Wingspan 16-23 mm. The males of this longhorn moth have extremely long antennae; the females much shorter.
Deciduous, often damp, woodland and around well wooded hedgerows and lanes.
In May and June, the males can often be seen in groups, 'dancing' in the sunshine.
The larvae feed on leaf litter on the ground.
It is quite common over much of England and Wales, more local in Ireland. In the Butterfly Conservation’s Microlepidoptera Report 2011 this species was classified as common.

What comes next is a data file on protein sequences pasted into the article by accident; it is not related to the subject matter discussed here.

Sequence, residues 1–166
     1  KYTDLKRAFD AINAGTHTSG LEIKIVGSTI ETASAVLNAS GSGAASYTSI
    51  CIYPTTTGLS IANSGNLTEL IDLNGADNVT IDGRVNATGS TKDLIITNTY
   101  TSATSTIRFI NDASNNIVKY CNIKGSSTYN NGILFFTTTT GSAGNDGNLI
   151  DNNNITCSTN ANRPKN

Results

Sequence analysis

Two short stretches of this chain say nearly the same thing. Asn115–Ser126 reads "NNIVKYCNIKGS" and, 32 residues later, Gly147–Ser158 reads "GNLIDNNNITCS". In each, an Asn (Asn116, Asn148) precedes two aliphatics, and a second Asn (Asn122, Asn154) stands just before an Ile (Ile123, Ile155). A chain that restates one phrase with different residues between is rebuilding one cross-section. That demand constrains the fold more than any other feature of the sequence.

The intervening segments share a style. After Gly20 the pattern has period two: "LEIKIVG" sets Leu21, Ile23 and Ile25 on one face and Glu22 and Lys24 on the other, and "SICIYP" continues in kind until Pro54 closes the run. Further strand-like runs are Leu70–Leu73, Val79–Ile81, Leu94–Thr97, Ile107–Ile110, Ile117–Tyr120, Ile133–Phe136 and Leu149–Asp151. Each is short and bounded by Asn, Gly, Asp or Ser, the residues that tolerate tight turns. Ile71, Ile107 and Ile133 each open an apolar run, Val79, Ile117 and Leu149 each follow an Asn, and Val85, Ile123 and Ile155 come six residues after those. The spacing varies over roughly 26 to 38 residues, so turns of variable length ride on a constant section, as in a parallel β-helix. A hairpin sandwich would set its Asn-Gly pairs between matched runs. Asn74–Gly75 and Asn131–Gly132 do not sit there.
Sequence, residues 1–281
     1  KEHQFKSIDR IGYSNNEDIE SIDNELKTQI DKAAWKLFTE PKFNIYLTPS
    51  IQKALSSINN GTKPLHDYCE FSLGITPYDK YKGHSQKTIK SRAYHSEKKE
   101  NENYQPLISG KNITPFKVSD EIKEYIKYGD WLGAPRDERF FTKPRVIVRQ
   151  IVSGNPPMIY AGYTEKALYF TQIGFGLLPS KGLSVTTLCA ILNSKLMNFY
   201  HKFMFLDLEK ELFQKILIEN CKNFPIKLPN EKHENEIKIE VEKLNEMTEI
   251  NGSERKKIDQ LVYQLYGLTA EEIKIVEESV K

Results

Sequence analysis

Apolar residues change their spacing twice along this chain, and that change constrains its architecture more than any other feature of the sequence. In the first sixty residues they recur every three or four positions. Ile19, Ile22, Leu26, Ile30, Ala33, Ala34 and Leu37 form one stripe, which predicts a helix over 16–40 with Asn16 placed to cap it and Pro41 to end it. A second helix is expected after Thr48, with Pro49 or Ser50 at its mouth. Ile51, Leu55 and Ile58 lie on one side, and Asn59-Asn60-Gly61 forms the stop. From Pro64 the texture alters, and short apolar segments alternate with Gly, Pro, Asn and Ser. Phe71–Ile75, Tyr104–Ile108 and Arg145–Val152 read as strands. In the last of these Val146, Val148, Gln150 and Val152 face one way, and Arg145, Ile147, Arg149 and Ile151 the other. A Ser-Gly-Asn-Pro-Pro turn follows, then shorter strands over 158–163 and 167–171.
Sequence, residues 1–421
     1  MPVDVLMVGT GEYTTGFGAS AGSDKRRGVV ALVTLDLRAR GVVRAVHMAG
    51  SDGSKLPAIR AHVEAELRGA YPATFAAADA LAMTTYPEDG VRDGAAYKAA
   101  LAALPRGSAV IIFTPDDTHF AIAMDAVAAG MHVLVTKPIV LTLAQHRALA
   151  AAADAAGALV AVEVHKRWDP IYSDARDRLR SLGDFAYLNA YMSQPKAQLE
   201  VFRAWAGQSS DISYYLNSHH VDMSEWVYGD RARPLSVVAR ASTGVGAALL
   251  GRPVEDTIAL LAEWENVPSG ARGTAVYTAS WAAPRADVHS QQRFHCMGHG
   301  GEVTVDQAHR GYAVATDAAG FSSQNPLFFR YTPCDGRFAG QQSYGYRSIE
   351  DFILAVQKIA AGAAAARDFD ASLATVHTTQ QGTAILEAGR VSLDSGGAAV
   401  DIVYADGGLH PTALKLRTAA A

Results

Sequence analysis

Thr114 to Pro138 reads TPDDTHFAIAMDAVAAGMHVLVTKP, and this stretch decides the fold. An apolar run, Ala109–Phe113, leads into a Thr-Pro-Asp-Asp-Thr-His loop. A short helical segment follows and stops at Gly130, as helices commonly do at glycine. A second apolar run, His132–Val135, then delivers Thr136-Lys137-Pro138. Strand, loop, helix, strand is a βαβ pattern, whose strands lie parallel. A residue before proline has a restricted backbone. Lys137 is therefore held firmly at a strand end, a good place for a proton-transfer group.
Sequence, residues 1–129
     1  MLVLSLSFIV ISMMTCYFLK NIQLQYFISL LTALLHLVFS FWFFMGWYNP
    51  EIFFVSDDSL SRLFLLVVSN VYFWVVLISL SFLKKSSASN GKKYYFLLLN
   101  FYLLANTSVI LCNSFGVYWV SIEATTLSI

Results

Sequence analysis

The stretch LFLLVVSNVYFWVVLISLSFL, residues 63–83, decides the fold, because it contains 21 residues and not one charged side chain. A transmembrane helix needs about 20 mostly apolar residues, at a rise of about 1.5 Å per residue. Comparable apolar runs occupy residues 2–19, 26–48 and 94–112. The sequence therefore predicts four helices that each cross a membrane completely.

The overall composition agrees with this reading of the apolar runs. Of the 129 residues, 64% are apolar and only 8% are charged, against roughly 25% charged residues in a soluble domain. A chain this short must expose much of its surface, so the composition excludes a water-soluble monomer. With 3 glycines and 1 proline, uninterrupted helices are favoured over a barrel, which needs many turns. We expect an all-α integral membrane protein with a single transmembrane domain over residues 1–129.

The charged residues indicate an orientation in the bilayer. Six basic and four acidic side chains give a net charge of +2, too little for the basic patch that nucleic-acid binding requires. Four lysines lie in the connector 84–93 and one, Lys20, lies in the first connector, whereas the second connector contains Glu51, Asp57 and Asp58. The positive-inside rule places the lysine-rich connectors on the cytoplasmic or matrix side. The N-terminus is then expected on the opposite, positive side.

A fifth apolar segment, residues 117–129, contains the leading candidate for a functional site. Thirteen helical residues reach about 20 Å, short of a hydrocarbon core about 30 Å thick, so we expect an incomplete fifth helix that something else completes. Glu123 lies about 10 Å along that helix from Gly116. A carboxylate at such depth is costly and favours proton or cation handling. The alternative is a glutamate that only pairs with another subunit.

Fairly frequent but not common in Leicestershire and Rutland. L&R Moth Group status = B (scarce resident or restricted distribution or regular migrant)
Leicestershire & Rutland Map
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Yellow squares = NBN records (all known data)
Coloured circles = NatureSpot records: 2020+ | 2015-2019 | pre-2015